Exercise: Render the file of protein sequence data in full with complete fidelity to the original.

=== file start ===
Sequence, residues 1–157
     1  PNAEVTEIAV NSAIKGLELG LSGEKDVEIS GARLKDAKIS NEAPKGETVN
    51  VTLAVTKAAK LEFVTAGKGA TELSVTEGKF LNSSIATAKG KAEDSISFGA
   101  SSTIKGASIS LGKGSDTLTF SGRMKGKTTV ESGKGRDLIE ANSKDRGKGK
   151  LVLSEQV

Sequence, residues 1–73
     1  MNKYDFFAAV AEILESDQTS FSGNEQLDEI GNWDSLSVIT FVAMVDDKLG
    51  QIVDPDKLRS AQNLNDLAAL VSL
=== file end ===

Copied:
Sequence, residues 1–157
     1  PNAEVTEIAV NSAIKGLELG LSGEKDVEIS GARLKDAKIS NEAPKGETVN
    51  VTLAVTKAAK LEFVTAGKGA TELSVTEGKF LNSSIATAKG KAEDSISFGA
   101  SSTIKGASIS LGKGSDTLTF SGRMKGKTTV ESGKGRDLIE ANSKDRGKGK
   151  LVLSEQV

Sequence, residues 1–73
     1  MNKYDFFAAV AEILESDQTS FSGNEQLDEI GNWDSLSVIT FVAMVDDKLG
    51  QIVDPDKLRS AQNLNDLAAL VSL